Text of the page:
Spatial and Temporal Heterogeneity of Marginal Emissions: Implications for Electric Cars and Other Electricity-Shifting Policies
In this paper, we develop a methodology for estimating marginal emissions of electricity demand that vary by location and time of day across the United States. The approach takes account of the generation mix within interconnected electricity markets and shifting load profiles throughout the day. Using data available for 2007 through 2009, with a focus on carbon dioxide (CO2), we find substantial variation among locations and times of day. Marginal emission rates are more than three times as large in the upper Midwest compared to the western United States, and within regions, rates for some hours of the day are more than twice those for others. We apply our results to an evaluation of plug-in electric vehicles (PEVs). The CO2 emissions per mile from driving PEVs are less than those from driving a hybrid car in the western United States and Texas. In the upper Midwest, however, charging during the recommended hours at night implies that PEVs generate more emissions per mile than the average car currently on the road. Underlying many of our results is a fundamental tension between electricity load management and environmental goals: the hours when electricity is the least expensive to produce tend to be the hours with the greatest emissions. In addition to PEVs, we show how our estimates are useful for evaluating the heterogeneous effects of other policies and initiatives, such as distributed solar and real-time pricing.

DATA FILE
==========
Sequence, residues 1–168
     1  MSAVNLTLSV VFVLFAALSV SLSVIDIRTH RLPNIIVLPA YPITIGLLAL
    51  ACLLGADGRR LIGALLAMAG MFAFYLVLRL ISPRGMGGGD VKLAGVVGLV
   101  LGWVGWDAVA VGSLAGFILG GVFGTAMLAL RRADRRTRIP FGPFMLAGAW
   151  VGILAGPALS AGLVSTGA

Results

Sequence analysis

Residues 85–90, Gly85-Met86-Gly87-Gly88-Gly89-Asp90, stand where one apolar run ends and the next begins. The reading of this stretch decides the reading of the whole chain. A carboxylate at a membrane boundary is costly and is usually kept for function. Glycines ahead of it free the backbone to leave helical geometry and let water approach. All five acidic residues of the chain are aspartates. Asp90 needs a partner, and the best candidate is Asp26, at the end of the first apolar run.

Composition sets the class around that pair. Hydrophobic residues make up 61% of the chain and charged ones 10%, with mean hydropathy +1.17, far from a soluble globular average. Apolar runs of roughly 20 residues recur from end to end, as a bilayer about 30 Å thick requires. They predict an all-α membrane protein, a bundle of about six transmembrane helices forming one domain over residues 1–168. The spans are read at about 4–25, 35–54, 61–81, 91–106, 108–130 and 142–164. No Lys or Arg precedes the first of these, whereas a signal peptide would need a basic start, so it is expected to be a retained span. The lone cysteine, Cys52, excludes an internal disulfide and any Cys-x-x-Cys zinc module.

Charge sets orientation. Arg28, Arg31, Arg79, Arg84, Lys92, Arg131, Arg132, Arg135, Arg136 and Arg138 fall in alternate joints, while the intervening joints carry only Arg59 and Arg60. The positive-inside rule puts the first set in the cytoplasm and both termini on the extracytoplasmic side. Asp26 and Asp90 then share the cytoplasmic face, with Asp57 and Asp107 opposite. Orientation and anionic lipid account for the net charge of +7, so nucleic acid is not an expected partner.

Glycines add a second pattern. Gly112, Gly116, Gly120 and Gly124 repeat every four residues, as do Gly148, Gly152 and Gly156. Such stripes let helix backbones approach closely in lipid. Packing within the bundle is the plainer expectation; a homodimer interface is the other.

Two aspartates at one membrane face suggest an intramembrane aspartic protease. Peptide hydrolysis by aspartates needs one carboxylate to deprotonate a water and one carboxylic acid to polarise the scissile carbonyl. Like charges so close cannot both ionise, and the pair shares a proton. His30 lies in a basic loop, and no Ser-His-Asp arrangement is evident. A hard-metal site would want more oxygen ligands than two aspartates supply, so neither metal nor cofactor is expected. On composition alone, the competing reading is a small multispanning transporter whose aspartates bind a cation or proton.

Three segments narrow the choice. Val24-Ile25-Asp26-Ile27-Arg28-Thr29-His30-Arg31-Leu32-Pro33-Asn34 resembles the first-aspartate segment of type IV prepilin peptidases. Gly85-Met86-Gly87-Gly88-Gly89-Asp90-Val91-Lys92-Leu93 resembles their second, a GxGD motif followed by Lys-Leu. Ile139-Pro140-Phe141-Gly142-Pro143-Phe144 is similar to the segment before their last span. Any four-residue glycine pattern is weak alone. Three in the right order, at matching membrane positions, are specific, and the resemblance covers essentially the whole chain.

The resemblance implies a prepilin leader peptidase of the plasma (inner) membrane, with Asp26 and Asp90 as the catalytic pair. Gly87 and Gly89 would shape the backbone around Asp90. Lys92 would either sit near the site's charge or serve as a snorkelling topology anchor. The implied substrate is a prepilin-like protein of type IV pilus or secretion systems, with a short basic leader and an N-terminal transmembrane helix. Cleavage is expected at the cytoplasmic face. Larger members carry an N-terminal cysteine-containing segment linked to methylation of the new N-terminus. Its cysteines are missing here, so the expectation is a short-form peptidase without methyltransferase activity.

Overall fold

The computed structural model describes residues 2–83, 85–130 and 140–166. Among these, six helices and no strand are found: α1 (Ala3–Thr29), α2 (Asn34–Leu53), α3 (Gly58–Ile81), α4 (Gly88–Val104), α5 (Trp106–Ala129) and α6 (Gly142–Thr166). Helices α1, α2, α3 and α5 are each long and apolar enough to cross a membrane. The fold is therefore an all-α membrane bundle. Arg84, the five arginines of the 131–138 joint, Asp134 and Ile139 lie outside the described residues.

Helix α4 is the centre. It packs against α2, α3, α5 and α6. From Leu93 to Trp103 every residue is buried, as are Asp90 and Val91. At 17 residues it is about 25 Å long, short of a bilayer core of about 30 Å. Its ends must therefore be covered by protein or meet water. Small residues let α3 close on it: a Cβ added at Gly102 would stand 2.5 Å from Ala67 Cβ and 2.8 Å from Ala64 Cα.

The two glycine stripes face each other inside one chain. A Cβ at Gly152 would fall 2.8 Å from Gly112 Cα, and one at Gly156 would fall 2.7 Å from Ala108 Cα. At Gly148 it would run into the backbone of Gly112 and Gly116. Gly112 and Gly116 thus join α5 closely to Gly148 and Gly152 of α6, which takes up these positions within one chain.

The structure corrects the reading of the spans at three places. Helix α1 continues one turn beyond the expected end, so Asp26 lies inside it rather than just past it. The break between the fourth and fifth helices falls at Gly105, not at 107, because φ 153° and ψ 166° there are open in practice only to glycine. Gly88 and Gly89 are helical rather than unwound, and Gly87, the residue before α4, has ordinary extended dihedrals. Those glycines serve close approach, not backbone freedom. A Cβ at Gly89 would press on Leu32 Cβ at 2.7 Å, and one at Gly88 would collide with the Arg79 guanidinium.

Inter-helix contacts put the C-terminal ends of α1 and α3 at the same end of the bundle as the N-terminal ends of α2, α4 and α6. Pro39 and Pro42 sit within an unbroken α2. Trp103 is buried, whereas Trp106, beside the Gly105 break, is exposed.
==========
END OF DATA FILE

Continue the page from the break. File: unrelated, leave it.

We thank Daniel Knudsen for excellent research assistance and seminar participants at Cornell University, UC Berkeley, UC Energy Institute, Carnegie Mellon University, University of Tennessee at Knoxville, Georgia Institute of Technology, National Bureau of Economic Research, Princeton University, Environmental Protection Agency, Resources for the Future, University of Maryland, Harvard University, MIT, and Dartmouth College for useful comments. The views expressed herein are those of the authors and do not necessarily reflect the views of the National Bureau of Economic Research.
- Moving to increased use of PEVs may not reduce CO2 because of local variation in daily, and even hourly, patterns of electricity...
Graff Zivin, Joshua S. & Kotchen, Matthew J. & Mansur, Erin T., 2014. "Spatial and temporal heterogeneity of marginal emissions: Implications for electric cars and other electricity-shifting policies," Journal of Economic Behavior & Organization, Elsevier, vol. 107(PA), pages 248-268. citation courtesy of